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Player Agency, Critical States, and Games as Formal Systems

In which Joey expounds at length about player agency in games, using standard Chess as an example.

Joey Gibbs

July 13, 2011

5 Min Read

Hello again true believers, and welcome to another of Joey's (pen)weekly blog posts! Joey here, reporting live from FS's UXL. The post is a little early this week - because I'll be out of town for the weekend and likely will have little desire to compose - but hey, I'll chalk it up to being slightly more proactive than is my usual modus operandi.

True as ever to my word, today's topic will be player agency - that mystical force that is the hallmark of interactive media everywhere.

So what is player agency, exactly?

Well, player agency describes the ability of a player to interact meaningfully with gameworld. More than simple action/feedback interactivity, agency refers to knowing actions taken by the player that result in significant changes within the world.

So let me toss this idea to the audience: If we consider games to be closed, formal systems, then a given game will have as one of its characterisitcs a theoretically finite number of potential game states. For example, in the game of Chess the white player might lead off by moving any of their pawns forward one space. This movement of a single peice illustrates a very simple state change: The Chess system has gone from its initial starting state (with the pieces of both armies arranged at the beginning of the game according to the rules of Chess) to a new state in which one white pawn now occupies a square that is one forward of its initial starting point. Together, these two states make up a small fraction of the state space complexity of Chess - that is, the total number of possible states legally reachable within a given match that is being played under the auspices of standardize rules.

In my thesis, I am currently defining interactivity as the ability of a player to alter the state of a game system. Agency I define as the ability of a player to knowingly make irreversible alterations to the state of a game system.

Going back to the example of Chess, because Chess pawns cannot move backwards, it is impossible once a single pawn has been moved for the system of Chess to revert back to its initial state assuming that standard rules are upheld. This means that the single pawn move is one of many possible irreversible, or critical, states that the player may choose to take. Limiting ourselves to an examination of only the game states that arise from the first move by the white player in a game of Standard Chess, from the initial state of the game the white player may then force one (1) of twenty (20) possible state changes:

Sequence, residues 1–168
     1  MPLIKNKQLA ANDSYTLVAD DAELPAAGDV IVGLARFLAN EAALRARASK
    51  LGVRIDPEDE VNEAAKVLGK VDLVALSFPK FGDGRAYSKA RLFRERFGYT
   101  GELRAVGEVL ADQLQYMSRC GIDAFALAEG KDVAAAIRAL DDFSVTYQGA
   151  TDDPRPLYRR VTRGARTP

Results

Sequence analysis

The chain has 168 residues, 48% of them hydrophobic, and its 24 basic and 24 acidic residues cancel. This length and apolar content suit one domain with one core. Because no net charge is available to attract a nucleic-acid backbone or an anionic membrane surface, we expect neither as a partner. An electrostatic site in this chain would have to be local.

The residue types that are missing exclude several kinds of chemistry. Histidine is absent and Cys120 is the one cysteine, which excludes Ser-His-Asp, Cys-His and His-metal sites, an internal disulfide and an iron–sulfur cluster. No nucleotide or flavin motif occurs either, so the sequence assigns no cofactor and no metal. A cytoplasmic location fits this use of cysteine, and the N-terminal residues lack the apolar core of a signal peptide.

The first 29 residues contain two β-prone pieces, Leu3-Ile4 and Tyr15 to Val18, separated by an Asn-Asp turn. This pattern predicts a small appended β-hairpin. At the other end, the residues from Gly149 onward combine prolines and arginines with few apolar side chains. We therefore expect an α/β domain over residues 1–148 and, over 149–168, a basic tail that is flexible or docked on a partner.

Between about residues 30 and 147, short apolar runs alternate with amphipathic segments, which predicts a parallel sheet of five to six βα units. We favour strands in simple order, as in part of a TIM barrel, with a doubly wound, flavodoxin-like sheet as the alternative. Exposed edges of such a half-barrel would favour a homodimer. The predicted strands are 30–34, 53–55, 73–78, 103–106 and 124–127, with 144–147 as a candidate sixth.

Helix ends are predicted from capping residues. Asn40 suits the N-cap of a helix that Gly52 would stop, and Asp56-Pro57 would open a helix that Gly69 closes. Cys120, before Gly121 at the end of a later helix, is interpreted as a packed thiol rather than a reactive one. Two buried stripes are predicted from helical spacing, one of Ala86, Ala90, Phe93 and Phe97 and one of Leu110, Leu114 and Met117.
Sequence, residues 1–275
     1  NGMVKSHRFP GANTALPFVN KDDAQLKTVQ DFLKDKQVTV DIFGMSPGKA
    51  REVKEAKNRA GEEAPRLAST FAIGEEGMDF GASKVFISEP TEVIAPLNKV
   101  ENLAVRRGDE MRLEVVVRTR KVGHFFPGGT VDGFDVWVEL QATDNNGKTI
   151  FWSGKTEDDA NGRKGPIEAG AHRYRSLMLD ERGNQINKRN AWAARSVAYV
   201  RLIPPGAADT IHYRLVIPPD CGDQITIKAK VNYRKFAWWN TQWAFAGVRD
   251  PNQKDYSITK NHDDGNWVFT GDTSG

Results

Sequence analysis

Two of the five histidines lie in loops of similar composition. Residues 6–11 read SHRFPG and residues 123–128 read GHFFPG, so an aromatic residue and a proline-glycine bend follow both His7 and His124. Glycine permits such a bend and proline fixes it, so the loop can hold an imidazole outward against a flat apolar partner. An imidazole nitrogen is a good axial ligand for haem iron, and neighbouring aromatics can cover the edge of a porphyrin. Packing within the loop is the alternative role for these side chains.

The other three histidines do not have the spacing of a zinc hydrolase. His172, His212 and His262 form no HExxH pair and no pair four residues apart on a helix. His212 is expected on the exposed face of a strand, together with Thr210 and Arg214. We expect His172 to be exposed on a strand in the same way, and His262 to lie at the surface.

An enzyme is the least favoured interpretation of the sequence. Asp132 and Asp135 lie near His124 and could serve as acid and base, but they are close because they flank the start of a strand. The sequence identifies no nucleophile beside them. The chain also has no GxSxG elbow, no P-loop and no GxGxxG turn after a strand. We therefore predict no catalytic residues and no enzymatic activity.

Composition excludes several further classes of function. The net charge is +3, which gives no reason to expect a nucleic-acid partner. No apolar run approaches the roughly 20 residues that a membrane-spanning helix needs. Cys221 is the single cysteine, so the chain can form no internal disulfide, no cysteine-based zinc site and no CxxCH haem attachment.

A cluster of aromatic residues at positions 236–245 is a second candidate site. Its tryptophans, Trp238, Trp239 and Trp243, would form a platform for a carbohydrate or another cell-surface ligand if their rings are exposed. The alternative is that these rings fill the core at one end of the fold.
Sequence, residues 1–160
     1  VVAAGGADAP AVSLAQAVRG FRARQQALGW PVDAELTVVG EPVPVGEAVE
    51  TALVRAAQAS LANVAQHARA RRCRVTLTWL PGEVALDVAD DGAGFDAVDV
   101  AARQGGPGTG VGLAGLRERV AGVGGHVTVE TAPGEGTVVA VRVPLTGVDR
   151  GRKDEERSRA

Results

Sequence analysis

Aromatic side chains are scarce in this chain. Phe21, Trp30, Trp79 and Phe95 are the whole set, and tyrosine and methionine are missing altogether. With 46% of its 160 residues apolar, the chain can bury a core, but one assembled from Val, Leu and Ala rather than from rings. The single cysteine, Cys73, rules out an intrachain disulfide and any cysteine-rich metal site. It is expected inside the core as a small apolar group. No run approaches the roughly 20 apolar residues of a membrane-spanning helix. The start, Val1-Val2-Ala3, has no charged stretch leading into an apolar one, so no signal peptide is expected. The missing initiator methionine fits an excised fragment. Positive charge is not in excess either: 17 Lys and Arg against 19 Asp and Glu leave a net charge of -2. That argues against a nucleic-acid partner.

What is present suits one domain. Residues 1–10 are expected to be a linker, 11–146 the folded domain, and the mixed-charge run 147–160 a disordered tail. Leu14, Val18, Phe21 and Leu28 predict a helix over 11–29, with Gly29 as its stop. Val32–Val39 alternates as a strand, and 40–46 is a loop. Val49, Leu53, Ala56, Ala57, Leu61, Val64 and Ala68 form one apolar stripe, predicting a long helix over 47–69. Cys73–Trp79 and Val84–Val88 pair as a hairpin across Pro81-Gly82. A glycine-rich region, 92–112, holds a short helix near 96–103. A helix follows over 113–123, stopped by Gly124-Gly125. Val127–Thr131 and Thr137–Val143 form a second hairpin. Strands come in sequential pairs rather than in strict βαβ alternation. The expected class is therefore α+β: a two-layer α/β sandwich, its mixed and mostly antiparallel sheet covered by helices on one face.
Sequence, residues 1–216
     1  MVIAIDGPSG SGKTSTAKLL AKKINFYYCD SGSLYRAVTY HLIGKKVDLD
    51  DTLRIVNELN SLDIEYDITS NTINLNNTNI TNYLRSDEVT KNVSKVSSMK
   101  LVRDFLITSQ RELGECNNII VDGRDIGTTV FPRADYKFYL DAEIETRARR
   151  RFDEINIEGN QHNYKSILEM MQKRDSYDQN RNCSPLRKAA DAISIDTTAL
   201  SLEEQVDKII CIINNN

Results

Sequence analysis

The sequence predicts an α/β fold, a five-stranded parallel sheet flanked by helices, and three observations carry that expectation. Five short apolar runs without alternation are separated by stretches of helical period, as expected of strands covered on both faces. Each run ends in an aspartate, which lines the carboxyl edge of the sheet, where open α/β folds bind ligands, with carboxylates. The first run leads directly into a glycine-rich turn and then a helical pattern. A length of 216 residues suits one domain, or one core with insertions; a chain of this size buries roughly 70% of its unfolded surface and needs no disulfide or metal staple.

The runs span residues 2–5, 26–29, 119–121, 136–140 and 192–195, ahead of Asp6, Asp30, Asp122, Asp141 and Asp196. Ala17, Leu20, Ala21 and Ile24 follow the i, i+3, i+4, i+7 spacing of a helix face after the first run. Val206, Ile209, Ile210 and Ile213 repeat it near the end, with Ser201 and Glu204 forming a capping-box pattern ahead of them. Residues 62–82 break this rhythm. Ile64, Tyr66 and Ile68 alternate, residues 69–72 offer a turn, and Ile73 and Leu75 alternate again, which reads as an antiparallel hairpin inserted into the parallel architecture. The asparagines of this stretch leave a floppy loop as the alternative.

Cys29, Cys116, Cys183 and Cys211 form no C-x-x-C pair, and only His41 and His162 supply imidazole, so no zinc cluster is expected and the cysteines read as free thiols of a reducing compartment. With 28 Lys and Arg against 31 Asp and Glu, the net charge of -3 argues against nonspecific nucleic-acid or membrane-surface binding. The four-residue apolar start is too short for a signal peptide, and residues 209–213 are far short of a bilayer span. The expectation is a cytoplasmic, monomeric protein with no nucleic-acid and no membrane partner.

Pawns at A2-H2 may all be moved either one (1) or two (2) spaces directly forward. Eight (8) pawns at two (2) possible moves apiece yields 8 x 2 = 16 possible states.

Knights at B1 and G1 may be moved as well - B1 can be moved to either A3 or C3 and G1 can be moved to either F3 or H3. That's two (2) knights at two (2) moves apiece, yielding 2 x 2 = 4 possible states.

Combining these move sets yields 4 + 16 = 20 possible opening moves for white, which correspond to twenty (20) possible game state changes.

Of these 20 possible new states, 4 are considered to be neutral and 16 are considered to be critical:

A neutral state is one that can be undone. Because knights can move both forwards and backwards in their characteristic L-path, a knight that has been moved from G1 to H3 may, for example, by summarily returned to G1 on the next white turn. Assuming for the moment that black has made no move, the white player can return the game to its initial state by moving the G1 knight back to its starting position.

A critical state, on the other hand, cannot be undone once it has been reached. For example, if any one of the eight (8) pawns is moved, the move cannot be undone in the next turn because, by the rules of standard Chess, pawns cannot move backward. The movement is so permanent, in fact, that the game can never again be returned to its initial state while played by standard rules. This triggering of an elimination of states that were previously available within the game system is the hallmark of a critical state. Critical states can sometimes make additional states accessible, but they will always eliminate states that were previously available when reached. This idea of critical game states is essential to a further discussion of player, agency, game space, and the effect that they have on the type of narrative experience that a game can provide for its players.

Wow. That got pretty serious in there, didn't it? Gimme a break - I've been so busy lately that I haven't been able to do formal work on my thesis. I'm pleasantly surprised with this blog though - It's giving me occasion to go back over my theory and re-organize things in my head.

I think next week I'll talk a little about indirect control and maybe start in on how the organization of space affects player agency. This Chess example is working out pretty well so far - so much so that I might have to use it in the paper... We'll see once August rolls around. By then I should be done with my CAPM exam and I'll have more time to write.

That's all for now true believers! If anybody actually reads these things, feel free to write a (preferably constructive) comment. I'm always on the hunt for feedback.



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